Rejecting God’s Word
4 But the serpent said to the woman, “You will not surely die.
The serpent flatly contradicts God’s Word and denies the weight of the consequences for disobedience. Again, we see how these issues with the scripture work their way into our own decisions. We doubt God’s Word, we twist it to make it say what we want it to say, we disregard it when it’s not what we like. The results this leads to are disastrous.
Doubting God’s goodness
The serpent continues to speak in verse 5:
For God knows that when you eat of it your eyes will be opened, and you will be like God, knowing good and evil.”
I love how Ken Mathews sums this up in his commentary of Genesis. In the serpent’s rejection of God’s word, he is implying “God is not good and gracious; he is selfish and deceptive, preventing the man and woman from achieving the same position as “Elohim””
After contradicting God, the serpent explains why the rejection of God’s command will actually be better than obedience. The rest of verse 5 records the serpent saying: your eyes will be opened, and you will be like God, knowing good and evil.”
Once again, this plays into the heart of human sin. We doubt God’s goodness. When we sin against God’s commands, we are acting as though God is holding back something good from us or that we know better than God.
This way of thinking treats God as our adversary.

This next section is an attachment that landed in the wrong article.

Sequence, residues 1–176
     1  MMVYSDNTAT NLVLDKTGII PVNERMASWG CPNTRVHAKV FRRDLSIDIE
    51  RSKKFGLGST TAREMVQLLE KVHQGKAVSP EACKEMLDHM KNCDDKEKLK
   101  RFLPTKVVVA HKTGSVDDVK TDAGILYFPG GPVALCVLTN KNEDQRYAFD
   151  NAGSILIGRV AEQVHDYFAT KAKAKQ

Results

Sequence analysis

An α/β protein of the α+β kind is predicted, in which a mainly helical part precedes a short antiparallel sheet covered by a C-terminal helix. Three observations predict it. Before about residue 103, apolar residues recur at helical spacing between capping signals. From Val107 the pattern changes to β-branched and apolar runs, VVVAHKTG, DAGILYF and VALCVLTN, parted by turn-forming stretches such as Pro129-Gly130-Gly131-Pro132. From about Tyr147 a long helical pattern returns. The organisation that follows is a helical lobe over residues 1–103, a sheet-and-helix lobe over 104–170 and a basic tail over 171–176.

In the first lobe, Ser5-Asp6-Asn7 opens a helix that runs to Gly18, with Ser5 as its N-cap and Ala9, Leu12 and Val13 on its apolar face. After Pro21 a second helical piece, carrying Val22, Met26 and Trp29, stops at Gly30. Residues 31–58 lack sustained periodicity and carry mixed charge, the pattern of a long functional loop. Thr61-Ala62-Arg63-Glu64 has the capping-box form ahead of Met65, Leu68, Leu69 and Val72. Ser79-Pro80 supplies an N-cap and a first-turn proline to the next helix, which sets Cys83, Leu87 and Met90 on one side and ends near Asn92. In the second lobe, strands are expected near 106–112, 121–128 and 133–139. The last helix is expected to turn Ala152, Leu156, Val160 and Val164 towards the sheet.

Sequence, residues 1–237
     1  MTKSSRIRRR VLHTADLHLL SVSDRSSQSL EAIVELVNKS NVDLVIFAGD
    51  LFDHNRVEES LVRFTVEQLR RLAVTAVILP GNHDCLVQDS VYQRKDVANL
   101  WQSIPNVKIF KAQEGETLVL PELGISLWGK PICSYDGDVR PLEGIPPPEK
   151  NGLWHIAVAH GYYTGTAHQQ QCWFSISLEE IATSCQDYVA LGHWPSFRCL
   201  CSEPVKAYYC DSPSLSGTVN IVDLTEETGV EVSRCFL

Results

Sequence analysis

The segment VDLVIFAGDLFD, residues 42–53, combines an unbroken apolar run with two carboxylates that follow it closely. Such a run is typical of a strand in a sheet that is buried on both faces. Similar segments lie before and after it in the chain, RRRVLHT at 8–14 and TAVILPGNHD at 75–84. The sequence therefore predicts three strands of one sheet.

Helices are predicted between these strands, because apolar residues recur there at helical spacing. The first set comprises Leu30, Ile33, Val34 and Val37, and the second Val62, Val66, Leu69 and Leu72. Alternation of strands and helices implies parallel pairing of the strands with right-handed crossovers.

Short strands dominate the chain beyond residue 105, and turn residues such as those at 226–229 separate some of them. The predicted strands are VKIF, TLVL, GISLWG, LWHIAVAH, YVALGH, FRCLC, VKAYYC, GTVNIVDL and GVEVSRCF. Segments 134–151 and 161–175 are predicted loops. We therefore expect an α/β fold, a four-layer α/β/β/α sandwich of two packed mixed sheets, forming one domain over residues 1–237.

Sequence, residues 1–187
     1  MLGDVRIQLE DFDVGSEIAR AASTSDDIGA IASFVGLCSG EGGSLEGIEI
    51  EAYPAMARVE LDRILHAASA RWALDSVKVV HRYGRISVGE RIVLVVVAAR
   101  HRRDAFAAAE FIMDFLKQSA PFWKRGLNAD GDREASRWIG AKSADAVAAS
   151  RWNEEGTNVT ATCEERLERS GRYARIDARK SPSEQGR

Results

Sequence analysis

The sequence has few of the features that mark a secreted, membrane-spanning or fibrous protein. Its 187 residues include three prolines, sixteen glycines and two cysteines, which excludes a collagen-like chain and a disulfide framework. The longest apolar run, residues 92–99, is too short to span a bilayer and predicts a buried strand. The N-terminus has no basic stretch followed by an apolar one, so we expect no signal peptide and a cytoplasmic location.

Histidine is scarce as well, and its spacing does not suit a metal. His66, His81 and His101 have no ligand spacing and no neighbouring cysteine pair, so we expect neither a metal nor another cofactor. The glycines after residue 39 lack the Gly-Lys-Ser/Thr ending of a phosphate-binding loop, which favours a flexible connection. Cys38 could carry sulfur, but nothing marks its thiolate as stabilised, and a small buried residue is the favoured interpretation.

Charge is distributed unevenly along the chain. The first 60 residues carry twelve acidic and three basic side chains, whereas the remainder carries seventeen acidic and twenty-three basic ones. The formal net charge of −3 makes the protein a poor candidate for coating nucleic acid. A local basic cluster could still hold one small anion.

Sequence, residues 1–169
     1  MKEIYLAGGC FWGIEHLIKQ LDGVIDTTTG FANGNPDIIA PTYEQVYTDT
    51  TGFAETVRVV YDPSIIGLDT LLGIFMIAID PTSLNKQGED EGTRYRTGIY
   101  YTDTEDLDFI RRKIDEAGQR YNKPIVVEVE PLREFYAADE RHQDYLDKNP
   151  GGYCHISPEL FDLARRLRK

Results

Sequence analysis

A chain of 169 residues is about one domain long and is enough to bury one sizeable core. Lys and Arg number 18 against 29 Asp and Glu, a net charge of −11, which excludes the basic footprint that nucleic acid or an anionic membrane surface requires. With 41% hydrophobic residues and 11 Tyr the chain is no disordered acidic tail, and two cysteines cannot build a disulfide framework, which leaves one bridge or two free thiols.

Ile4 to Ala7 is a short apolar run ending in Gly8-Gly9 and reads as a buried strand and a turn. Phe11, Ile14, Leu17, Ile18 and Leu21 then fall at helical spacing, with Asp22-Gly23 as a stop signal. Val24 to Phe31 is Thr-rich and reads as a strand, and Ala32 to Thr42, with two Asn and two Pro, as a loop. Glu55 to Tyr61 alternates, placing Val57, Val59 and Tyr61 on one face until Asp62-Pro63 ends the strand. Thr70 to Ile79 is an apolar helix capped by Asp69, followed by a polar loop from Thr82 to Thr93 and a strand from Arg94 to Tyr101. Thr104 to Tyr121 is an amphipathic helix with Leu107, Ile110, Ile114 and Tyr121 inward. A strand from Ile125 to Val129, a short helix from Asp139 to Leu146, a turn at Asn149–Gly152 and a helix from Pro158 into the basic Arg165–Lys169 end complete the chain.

From temptation to sin
We see the response of Eve in Genesis 3:6:
6 So when the woman saw that the tree was good for food, and that it was a delight to the eyes, and that the tree was to be desired to make one wise, she took of its fruit and ate, and she also gave some to her husband who was with her, and he ate.
With her eyes, she sees the fruit of the tree is good. In eating of the fruit of the tree of the knowledge of good and evil, Eve is seeking out wisdom independent
The serpent had distorted God’s Word but not everything he said was an outright lie. He deceived and tempted eve with half-truths. Indeed the eyes of Adam and Eve were opened. But they were open to recognize their nakedness. Eve thought that eating of the fruit of this tree would make her like god. John Sailhamer observed that instead, Adam and Eve realized they weren’t even like each other as shame and hiding were introduced.